7 Things Not to Do at a Car Dealership

Many people are willing to give advice on how to behave in the car dealership when you’re ready to purchase a vehicle. Tips on financing, test driving and negotiation are also valuable. The road to buying a car is littered with so many boulders, that if one doesn’t take care, they can trip over them and break their leg. It can be a complex process to buy a car. Knowing what and are not to do at the dealership is more important than what you should do.

You will find it much more difficult to get ahead if you do any of the seven things that we recommend against. Avoid making things harder for yourself. Here’s how to get the best deal on a vehicle.

Do not enter the dealership without a plan

You can walk into a restaurant and order a meal without having any idea what you’re looking for. You can walk into a big box store to kill time and leave with a good microwave oven or button down shirt. If you walk into a dealership without a plan and leave with nothing, you could end up with a huge hole in your wallet. Your Saturday morning can haunt you for many years. The purchase of a car should not be impulsive. Don’t guess; Know what your car is worth. Also, know how much you can afford to pay for a car each month. You’ll be ahead of the game if you have all these details before you start shopping.

Do not let the salesperson steer you to a vehicle that you don’t want

Fuller said that a dealer is usually trying to sell all the cars it has on hand. This is not always the best thing for the customer. Fuller explained that if the salesperson knows their inventory well, they will try to match the customer up with something which can be sold immediately. You will be pushed into the vehicle you don’t want if you’re not clear and specific about what you’re looking for. Do not let yourself be sold an automobile.

Do not discuss your trade-in too early

With a little time and effort, it’s possible to sell your old car for more money than what the dealer will offer in exchange. Although many buyers find it convenient to drive their old car into the dealership and then take their new vehicle away, others do not. If this is your goal, you should research the value of the trade-in before making any offers. However, do not discuss the issue until the new vehicle has been purchased. You probably shouldn’t be in a car dealership if you are “upside-down” on your old vehicle, i.e. you owe more on it than the trade you get. The vehicle should at least be sold privately in order to repay the debt. The dealer may offer to convert your old loan into a new one. This is not a wise idea.

Do not give your car keys or driver’s license to the dealer

According to Christopher Sutton of J.D. Power, Vice President of Automotive Retail, some dealers still use tactics that keep you in the showroom until a deal is made. Power still uses tactics to keep you in their showroom until the deal is closed. A couple of the tried-and-not-so-true tactics revolve around test-drive vehicles. Sales persons may ask you for your license or car keys before a test-drive. If you decide to return without purchasing, they will disappear. Sutton said that abusive dealer tactics are not as common. “I think that the online ratings and reviews have made it easier for people to find out what other people are saying about a dealer. . . “It has been a major factor in that.”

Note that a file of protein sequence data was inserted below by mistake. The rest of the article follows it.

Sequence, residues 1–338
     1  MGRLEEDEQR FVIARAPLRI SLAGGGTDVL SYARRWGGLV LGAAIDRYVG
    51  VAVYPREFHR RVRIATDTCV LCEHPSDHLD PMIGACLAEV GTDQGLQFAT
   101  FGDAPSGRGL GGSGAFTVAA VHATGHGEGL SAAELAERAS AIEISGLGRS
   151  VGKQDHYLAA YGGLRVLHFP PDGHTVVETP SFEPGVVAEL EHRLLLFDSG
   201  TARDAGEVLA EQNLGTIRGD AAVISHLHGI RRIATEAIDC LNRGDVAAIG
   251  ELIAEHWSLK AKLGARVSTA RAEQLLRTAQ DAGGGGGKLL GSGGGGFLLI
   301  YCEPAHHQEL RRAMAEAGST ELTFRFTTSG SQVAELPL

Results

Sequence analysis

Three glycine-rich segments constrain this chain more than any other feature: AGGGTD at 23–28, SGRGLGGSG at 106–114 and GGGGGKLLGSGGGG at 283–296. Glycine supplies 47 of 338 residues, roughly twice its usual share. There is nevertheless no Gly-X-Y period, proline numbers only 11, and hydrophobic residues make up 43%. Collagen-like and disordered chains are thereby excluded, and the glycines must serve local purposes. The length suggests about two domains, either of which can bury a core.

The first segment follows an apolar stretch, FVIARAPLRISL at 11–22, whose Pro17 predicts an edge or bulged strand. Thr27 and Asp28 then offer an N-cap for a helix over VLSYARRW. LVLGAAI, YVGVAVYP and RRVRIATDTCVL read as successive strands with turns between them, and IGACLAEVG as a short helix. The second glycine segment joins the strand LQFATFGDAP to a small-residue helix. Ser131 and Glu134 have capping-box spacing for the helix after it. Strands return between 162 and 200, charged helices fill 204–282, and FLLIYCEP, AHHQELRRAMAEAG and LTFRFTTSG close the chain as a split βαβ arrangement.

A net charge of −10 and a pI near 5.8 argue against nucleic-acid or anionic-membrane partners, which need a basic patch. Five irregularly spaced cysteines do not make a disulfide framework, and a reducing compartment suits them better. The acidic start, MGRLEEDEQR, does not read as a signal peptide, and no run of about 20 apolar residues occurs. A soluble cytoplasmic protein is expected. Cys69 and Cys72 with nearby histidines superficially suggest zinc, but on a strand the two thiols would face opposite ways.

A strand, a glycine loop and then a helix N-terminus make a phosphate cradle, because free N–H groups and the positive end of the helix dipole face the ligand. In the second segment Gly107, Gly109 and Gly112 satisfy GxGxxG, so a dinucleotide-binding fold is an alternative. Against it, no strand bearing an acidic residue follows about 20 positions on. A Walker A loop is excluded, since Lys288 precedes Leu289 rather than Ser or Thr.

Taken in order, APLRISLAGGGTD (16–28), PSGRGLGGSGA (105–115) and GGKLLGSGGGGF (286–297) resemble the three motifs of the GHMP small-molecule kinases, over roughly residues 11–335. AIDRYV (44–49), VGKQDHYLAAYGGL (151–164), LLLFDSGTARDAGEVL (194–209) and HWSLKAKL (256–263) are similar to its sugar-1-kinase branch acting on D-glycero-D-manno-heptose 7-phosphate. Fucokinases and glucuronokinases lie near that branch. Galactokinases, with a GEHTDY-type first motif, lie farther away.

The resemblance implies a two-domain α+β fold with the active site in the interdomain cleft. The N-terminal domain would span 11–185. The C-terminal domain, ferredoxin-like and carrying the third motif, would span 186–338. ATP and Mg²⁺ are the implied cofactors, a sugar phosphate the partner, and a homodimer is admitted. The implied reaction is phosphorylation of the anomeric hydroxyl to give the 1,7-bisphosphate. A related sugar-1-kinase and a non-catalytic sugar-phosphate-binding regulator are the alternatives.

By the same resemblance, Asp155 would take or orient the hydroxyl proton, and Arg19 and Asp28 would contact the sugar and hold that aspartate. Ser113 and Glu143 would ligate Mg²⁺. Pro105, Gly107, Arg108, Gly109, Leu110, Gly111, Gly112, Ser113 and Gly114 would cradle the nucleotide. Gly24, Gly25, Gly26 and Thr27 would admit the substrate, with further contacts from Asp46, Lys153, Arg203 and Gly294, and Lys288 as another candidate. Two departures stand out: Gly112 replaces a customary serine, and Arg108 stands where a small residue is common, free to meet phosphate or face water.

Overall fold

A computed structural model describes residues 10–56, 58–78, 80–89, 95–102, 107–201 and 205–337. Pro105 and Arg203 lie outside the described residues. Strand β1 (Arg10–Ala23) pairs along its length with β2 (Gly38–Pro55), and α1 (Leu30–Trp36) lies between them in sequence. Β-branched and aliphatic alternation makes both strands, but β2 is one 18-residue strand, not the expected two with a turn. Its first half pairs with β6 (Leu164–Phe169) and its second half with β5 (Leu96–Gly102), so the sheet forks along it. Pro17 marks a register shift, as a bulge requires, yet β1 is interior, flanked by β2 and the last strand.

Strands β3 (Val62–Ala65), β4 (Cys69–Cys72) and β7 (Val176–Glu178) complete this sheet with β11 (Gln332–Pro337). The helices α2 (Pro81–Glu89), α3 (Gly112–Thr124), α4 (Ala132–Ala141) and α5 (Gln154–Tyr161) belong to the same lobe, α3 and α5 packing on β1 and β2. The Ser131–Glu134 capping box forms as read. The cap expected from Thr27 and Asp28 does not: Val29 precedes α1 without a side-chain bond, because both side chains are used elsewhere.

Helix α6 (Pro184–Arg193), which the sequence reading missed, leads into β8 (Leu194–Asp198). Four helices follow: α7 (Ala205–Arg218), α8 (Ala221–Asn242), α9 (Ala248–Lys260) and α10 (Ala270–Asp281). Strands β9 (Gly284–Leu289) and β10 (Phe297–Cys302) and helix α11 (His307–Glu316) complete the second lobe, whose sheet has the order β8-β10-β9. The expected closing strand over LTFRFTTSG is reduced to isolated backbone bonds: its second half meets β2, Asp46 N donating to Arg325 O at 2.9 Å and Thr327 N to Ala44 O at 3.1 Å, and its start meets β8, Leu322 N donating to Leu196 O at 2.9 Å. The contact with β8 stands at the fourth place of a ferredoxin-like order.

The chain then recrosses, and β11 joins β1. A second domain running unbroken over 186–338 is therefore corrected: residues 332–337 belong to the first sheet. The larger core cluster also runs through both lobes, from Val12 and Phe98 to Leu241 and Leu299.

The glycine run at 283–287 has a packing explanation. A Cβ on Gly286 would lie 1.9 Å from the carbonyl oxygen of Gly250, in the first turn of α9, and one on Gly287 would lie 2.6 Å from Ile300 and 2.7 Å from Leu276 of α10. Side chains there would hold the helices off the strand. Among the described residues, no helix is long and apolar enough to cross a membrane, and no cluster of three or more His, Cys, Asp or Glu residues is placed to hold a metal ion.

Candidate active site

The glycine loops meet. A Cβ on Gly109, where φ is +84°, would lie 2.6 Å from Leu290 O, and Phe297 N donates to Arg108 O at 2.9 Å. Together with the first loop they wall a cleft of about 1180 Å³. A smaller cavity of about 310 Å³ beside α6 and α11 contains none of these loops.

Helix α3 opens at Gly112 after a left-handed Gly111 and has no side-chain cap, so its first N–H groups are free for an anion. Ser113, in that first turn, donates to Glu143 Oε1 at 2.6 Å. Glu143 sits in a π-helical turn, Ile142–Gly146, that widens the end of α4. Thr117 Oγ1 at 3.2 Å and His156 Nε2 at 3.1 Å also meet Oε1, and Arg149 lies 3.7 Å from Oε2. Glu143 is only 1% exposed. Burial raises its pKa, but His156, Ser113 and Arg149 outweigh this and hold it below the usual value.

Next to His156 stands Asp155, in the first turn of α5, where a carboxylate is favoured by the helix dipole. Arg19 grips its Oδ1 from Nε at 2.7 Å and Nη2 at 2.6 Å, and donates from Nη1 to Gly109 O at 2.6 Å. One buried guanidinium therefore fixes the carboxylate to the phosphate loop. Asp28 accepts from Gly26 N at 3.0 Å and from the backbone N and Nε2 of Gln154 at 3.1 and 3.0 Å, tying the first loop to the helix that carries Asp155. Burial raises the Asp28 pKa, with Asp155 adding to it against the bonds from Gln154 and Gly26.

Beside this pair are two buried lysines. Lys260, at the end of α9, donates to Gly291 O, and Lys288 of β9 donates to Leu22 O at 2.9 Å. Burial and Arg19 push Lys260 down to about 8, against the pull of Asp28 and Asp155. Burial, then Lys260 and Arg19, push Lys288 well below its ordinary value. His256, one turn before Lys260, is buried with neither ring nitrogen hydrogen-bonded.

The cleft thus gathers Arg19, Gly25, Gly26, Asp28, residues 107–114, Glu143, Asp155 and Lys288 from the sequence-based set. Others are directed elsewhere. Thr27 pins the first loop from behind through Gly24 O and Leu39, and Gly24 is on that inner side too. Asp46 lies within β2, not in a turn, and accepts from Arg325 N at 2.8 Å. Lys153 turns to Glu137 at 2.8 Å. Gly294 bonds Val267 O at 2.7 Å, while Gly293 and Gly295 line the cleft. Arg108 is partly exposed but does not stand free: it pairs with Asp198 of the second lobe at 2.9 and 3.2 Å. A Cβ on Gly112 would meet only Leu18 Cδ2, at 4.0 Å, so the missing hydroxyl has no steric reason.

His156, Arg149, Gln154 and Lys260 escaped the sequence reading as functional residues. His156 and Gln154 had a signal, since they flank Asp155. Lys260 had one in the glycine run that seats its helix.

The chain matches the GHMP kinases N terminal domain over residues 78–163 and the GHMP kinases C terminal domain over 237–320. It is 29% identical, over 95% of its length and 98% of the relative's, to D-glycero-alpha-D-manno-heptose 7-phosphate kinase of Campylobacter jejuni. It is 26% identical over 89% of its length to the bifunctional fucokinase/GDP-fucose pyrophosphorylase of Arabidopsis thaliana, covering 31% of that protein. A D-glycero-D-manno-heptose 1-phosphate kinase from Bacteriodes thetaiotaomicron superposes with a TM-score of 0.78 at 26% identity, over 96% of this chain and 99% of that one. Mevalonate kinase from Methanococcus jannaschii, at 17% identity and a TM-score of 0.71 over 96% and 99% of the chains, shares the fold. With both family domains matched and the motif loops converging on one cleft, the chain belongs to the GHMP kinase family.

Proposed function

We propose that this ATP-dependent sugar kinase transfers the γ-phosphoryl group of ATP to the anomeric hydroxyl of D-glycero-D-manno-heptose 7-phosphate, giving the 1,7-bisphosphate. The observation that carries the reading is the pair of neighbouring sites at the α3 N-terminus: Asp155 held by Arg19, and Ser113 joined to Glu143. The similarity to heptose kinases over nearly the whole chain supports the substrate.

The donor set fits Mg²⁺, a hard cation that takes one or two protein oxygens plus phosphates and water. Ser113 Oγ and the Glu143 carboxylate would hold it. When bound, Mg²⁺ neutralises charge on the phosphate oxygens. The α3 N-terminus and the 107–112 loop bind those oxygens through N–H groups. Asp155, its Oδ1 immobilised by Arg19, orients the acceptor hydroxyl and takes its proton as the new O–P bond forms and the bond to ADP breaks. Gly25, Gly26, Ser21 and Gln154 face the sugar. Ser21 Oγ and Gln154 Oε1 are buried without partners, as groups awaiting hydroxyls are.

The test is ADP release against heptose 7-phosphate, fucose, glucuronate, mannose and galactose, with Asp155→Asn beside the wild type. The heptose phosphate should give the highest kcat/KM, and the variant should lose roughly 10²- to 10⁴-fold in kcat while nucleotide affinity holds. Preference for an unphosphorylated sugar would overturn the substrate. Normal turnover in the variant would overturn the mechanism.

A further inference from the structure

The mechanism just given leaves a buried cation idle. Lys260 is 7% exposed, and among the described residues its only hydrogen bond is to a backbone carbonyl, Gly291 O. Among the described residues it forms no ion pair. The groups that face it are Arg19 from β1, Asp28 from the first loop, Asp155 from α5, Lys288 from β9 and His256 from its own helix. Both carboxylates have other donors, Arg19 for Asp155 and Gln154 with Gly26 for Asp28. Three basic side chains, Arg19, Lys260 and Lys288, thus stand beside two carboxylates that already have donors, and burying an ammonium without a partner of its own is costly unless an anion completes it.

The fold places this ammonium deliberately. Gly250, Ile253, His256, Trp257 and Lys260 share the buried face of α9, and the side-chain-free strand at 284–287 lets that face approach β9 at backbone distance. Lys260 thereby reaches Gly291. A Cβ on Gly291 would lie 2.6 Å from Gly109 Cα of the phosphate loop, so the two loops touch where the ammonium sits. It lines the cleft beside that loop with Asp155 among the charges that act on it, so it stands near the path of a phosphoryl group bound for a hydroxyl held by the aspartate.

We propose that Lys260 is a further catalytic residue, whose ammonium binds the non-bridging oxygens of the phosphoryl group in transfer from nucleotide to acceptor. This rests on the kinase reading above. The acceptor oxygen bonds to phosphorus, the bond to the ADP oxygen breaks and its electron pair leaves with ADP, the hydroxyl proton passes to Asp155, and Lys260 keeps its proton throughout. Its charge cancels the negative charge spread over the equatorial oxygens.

A wise dealer will check to see if your license is valid before allowing to test drive a vehicle, but it doesn’t mean they need to hold onto it and use it as a deposit. Your address and identity should suffice. You are more likely to return if you usually park your car at the dealer. It is also important to bring your license with you when you take the test drive.

Do not let the dealer run a credit check

The dealer will run a credit report at some point if you plan to finance a new car. However, don’t accept this until you have already completed the deal. Credit checks, or “hard pulls,” can have a negative impact on your credit score. It’s not worth it to risk a negative impact on your credit rating by approving a credit report if you are a long time away from purchasing.

Do not engage in monthly payment negotiations

You’re not in the dealer to add a monthly vehicle payment to your budget. You should have a budget that includes a maximum price for the vehicle, based on what you can afford. The monthly payment is a result of your negotiation. Fuller explained that problems arise when a customer wants to buy more than they can afford. “To make a deal work, the typical solution is to extend the length of the payment schedule dramatically. The customer may be able to afford $500 per monthly, but that won’t work at 60 months. The dealer then bumps the payment to 72 or even 84 months. “This is a bad idea for customers.”

Do not feel compelled to buy right now

Many people find buying a car stressful and rush through the process. This can have negative consequences. They don’t take the time to carefully consider their options or negotiate. You might not use a good negotiating technique like walking away if you are just looking to get the deal done. Dealer personnel may try to pressure you into buying now by using tactics like “I can only offer you this price today”, but you should take your time. The new-car industry is fiercely competitive today. It is not necessary to rush because of a limited time offer. Chances are, a better or similar offer will be available tomorrow.

If you heed these warnings, your journey to buying a new car will be much less stressful. Once the deal is completed, you will be better off financially and emotionally.

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